Homeschool Solutions

My interest in Ray’s Arithmetic goes back to the 1990s and early 2000s when I used them to homeschool my daughter.  Their greatest advantage is that they do make a very economical way to take care of the math portion of a well-rounded curriculum.  They are not as “teacher-intensive” as, say, Saxon Math, which is more closely structured and scripted and costs quite a bit more to go through the entire series from beginner to advanced than Ray’s.  But make no mistake, Ray’s is a very thorough and intensive math program.

Twenty years ago there was nothing like what we have today in terms of the Internet, personal computers, smart-phones, tablets, wireless devices, and all the digital tools of technology and worldwide communication that have made learning (and teaching) faster, easier and CHEAPER than we ever thought possible.  Just look at the success of Khan Academy.

New and Improved

I know that we’ve had stand-alone, all-in-one, digital-format homeschool curricula before now: Robinson Curriculum.  I used the Robinson Curriculum for the excellent literature-based reading content that it provides.  I like to think that it helped foster a love of reading–and writing–in my daughter that she continues to indulge in today (she is in her twenties).  Outstanding original source documents and unique literary pieces of history that are almost forgotten, or completely unknown, by multitudes of public school and private school students who have been instructed in nothing else but the institutionally-endorsed pablum offered by Big Textbook.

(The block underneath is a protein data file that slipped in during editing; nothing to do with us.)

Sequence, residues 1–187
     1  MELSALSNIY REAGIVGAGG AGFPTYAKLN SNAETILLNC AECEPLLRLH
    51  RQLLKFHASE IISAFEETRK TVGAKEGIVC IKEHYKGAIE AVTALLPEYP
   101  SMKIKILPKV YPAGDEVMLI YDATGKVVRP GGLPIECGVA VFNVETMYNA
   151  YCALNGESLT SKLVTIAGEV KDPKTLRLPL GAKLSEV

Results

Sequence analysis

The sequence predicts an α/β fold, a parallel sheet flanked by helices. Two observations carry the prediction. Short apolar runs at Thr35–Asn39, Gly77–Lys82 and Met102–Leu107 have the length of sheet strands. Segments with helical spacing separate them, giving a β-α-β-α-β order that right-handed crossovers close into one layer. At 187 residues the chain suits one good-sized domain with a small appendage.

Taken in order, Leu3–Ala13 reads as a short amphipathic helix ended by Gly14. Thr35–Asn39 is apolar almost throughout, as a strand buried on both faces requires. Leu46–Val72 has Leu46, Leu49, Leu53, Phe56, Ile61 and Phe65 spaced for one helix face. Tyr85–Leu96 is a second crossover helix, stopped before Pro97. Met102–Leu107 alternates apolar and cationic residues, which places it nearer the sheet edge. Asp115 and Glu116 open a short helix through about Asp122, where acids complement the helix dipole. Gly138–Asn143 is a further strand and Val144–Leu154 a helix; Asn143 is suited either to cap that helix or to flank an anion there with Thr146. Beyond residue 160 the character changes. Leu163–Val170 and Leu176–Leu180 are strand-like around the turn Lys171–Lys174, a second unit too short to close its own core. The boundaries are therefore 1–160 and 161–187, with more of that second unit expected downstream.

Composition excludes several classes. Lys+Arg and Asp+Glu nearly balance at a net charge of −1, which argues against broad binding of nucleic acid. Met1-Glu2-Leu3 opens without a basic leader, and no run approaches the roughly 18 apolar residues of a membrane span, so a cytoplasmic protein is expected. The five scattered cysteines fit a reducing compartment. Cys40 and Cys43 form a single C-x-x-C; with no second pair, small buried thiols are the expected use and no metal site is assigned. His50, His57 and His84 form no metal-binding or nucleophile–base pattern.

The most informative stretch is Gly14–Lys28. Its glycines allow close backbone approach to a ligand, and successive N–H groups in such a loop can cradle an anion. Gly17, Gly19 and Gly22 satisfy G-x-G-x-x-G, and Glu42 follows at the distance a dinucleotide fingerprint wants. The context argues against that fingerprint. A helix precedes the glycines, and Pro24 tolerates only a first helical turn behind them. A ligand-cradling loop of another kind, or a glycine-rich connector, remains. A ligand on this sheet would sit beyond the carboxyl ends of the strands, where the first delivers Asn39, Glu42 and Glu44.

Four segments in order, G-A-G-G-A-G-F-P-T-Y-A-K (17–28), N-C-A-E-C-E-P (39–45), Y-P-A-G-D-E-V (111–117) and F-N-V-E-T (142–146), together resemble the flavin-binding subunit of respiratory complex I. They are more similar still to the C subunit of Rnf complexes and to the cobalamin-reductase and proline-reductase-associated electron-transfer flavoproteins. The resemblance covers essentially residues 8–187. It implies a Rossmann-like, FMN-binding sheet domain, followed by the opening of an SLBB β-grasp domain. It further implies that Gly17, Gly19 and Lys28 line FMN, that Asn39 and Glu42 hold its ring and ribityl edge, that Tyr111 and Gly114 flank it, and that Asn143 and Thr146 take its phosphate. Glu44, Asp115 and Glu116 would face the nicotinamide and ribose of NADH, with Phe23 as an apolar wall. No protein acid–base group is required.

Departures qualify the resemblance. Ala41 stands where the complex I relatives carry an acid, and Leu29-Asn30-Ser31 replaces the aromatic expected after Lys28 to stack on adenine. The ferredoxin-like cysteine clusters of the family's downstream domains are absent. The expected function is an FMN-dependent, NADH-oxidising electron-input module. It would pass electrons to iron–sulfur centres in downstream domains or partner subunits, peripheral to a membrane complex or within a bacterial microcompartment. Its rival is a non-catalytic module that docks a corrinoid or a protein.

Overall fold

Still, the Robinson Curriculum, in spite of its high quality of content and low (very low) economical price–especially for families with several children–has some limitations.  It is in a digital format that is static: CD.  This means it is also in a format that is strictly local, meaning it is fixed and restrictive in terms of how it can be delivered, where and to whom.  It’s perfect for self-paced, self-starting, self-motivated students–minimal teacher involvement–who enjoy reams and reams of printing and hours of admittedly satisfying, in-depth reading across several academic subjects.  But it does not take advantage of the scalability and flexibility of an online platform that can use on-demand, across-the-globe video and visual-instructional tools and their cheap and free instant delivery systems, that were just not available back in the day.

Turn-Key vs. Keyboard

As far as I can tell, Saxon still owns the homeschool math market, as well as being the standard math text in many public and private schools that prefer Saxon’s super-comprehensive, everything-including-the-kitchen-sink, turn-key solutions to K-thru-Calculus math.  Mr. Saxon did not always enjoy the quasi-monopoly that he does now, though.  Mary Pride (matron-saint of “practical homeschooling”) wrote–humorously–about his early struggles to gain acceptance here.